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Domestic abuse victims encouraged to take control by seeking help

Press Release: 09/01/2024

Take control campaign launchWOMEN from Tameside’s south Asian community are starting the new year with an empowering message to support anyone experiencing domestic abuse.
Tameside Council and partner Jigsaw – which provides the Bridges Domestic abuse support service – have worked with Diversity Matters North West, community leaders and volunteers to relaunch the Take Control campaign to raise awareness of what domestic abuse is and the help that is available.
The UK government’s definition of domestic violence is ‘any incident or pattern of incidents of controlling, coercive, threatening behaviour, violence or abuse between those aged 16 or over who are, or have been, intimate partners or family members regardless of gender or sexuality’. This can encompass, but is not limited to, psychological, physical, sexual, financial and emotional abuse.
The Take Control campaign, running from 8 January 2024, aims to highlight that behaviours such as controlling someone’s money, where they go, what they wear or who they see is illegal and give people experiencing this abuse the confidence and information they need to take control themselves and get help.
The National Domestic abuse helpline on 0808 2000 247 provides a bilingual service 24 hours a day, seven days a week which will put callers in touch with bilingual speakers at the local Bridges service.  
Bridges also has its own 24 hour helpline on 0800 328 0967 for advice, support and emergency refuge placements for all genders and all communities or visit  In an emergency you should always call 999.
To highlight the campaign, banners are being displayed to deliver the message right into the heart of target communities. Drop-in wellbeing sessions will be held at various local venues and posters will also be displayed in schools, mosques, local shops, and health settings.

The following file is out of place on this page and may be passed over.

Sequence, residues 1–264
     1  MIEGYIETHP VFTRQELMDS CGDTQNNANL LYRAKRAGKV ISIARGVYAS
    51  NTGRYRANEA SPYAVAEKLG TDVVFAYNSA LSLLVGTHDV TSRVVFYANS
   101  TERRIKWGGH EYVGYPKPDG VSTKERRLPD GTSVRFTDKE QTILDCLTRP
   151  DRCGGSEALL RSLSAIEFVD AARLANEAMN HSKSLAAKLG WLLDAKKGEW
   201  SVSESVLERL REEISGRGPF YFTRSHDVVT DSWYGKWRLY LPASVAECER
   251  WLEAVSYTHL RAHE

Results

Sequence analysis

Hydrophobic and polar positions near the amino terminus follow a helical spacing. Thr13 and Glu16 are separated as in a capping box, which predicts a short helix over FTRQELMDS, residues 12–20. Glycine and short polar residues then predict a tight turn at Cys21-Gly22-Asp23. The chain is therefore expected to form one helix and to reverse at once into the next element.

Tameside Council Executive Member Cllr Eleanor Wills, who is responsible for population health, said: “One in three women and one in six men experience domestic abuse at some point. We know that domestic abuse is under-reported on every level - gender, age, ethnicity and sexuality - but our data shows that an even smaller proportion of referrals for help come from the local South Asian community.

“We also understand, from our work with relevant community groups and charities, that South Asian women who are abused are less likely to report it – this can be for many reasons such as fear, shame, culture, family pressure and lack of understanding that domestic abuse is illegal in the UK. We’re really grateful for the input from volunteers from our local south Asian community to help ensure the images, messages and delivery of the campaign will be meaningful and helpful to women in their peer group.

“It’s important we reach out to all our communities to ensure they are aware of the support services available for everyone.”

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